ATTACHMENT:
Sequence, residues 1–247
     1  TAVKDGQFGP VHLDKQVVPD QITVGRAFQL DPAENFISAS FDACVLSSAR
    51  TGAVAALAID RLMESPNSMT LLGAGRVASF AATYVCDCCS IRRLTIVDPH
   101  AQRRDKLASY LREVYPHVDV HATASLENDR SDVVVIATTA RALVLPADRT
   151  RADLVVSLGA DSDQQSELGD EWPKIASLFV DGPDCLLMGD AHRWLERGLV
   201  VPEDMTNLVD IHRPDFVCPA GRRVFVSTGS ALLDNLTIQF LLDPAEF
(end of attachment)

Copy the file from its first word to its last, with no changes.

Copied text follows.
Sequence, residues 1–247
     1  TAVKDGQFGP VHLDKQVVPD QITVGRAFQL DPAENFISAS FDACVLSSAR
    51  TGAVAALAID RLMESPNSMT LLGAGRVASF AATYVCDCCS IRRLTIVDPH
   101  AQRRDKLASY LREVYPHVDV HATASLENDR SDVVVIATTA RALVLPADRT
   151  RADLVVSLGA DSDQQSELGD EWPKIASLFV DGPDCLLMGD AHRWLERGLV
   201  VPEDMTNLVD IHRPDFVCPA GRRVFVSTGS ALLDNLTIQF LLDPAEF